A bona fide guitar hero, perennial poll-winner and virtuoso of the highest order, Al Di Meola has also been recognized over the past 30 years as a prolific composer and respected artist with over 20 recordings as a leader. His creative output to date is staggering, whether it’s with his current World Sinfonia band or past musical endeavors like his electric Tour de Force group with Jan Hammer, Anthony Jackson, Steve Gadd and Mingo Lewis, the internationally acclaimed Trio with fellow guitar superstars John McLaughlin and Paco de Lucia, the Rite of Strings trio with Stanley Clarke and Jean-Luc Ponty or the ‘70s fusion supergroup Return to Forever with Chick Corea, Stanley Clarke and Lenny White. And while his dazzling technique on both acoustic and electric guitars has afforded him regal status among the hordes of fretboard aficionados who regularly flock to his concerts, the depth of Di Meola’s writing along with the soulfulness and his inherent lyricism of his guitaristic expression have won him legions of fans worldwide beyond the six-string set.
A pioneer of blending world music and jazz, going back to early Latin-tinged fusion outings like 1976’s Land of the Midnight Sun, 1977’s Elegant Gypsy and 1978’s Casino, the guitar great continues to reflect the rich influence of flamenco, tango, Middle Eastern, Brazilian and African music on more recent outings like 1998’s The Infinite Desire, 2000’s The Grand Passion, 2006’s Consequence of Chaos and 2008’s La Melodia, Live in Milano.
Coming off of 2008’s triumphant 25-year reunion tour by Return To Forever, which produced the live two-CD set Returns and the concert DVD Live at Montreux, Di Meola began rehearsing new music with his New World Sinfonia band in preparation for a coast-to-coast tour of the States in the early part of 2009, followed by whirlwind tours of Europe and the Middle East. Di Meola calls his bandmates in the New World Sinfonia - Fausto Beccalossi on accordian, Peo Afonsi on acoustic guitar, Peter Kaszas on percussion, Gumbi Ortiz on percussion, Victor Miranda on bass - “the best group of musicians so far in my career.”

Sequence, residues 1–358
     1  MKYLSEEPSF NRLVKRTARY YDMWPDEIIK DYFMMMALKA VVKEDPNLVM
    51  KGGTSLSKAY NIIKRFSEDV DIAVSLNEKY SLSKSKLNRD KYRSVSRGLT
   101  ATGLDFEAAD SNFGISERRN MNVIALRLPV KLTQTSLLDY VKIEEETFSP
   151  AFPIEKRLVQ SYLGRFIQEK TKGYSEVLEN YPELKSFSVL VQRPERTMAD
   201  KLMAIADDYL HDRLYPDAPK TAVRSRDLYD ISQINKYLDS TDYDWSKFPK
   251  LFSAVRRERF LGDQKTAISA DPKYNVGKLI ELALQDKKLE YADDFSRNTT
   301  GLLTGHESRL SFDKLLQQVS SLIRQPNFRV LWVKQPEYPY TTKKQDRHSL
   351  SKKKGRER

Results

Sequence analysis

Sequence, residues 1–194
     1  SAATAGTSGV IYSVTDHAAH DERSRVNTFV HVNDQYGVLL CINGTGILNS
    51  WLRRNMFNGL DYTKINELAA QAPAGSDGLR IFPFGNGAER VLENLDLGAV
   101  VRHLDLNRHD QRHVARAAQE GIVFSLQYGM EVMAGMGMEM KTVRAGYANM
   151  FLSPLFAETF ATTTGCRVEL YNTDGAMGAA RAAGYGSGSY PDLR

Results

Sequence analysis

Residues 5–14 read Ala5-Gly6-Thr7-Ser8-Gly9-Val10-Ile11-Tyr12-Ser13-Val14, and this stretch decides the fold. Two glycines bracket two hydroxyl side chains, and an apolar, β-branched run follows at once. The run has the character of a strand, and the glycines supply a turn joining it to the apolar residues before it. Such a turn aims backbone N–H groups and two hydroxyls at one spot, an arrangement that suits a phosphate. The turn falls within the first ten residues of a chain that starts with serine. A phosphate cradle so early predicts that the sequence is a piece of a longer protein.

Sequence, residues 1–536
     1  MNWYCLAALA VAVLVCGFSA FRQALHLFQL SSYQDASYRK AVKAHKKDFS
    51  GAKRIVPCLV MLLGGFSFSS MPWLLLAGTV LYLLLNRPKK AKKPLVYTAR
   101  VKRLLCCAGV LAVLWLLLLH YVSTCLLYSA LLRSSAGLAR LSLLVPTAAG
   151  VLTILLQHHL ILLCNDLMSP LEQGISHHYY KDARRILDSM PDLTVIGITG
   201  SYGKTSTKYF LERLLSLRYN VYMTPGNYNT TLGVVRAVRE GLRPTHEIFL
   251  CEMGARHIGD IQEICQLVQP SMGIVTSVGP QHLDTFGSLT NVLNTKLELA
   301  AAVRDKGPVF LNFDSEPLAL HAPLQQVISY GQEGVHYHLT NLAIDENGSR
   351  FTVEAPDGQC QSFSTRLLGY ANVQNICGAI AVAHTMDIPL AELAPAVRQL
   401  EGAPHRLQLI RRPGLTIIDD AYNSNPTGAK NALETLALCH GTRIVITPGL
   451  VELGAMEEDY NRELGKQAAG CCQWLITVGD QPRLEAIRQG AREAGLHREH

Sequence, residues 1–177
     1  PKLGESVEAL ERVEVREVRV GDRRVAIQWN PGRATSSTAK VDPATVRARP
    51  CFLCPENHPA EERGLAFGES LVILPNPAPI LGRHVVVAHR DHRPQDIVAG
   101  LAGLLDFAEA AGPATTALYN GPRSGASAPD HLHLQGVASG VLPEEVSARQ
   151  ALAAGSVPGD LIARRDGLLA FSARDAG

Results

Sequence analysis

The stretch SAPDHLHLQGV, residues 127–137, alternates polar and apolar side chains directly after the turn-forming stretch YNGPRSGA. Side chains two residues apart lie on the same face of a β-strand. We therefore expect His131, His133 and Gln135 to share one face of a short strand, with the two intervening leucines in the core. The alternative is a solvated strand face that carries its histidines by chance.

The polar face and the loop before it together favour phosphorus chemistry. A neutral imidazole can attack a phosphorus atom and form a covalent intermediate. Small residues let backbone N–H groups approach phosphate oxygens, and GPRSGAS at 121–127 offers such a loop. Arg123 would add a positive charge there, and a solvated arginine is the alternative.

Di Meola’s ongoing fascination with complex rhythmic syncopation combined with provocative lyrical melodies and sophisticated harmony has been at the heart of his music throughout a celebrated career that has earned him critical accolades, three gold albums and more than six million in record sales worldwide. He has been particularly enamored over the past 20 years by the tango music of the late Argentinian composer Astor Piazzolla, whose compositions he has interpreted over time, beginning with 1990’s Di Meola Plays Piazzolla, continuing to 1993’s Heart of the Immigrants, 2002’s Flesh on Flesh and right up to 2007’s Diabolic Inventions and Seduction for Solo Guitar. “Piazzolla had a profound effect on my development as a musician and as a person,” says Al. “We became close friends, often communicating by mail. And during the course of this friendship my admiration and desire to learn more about this great man intensified.”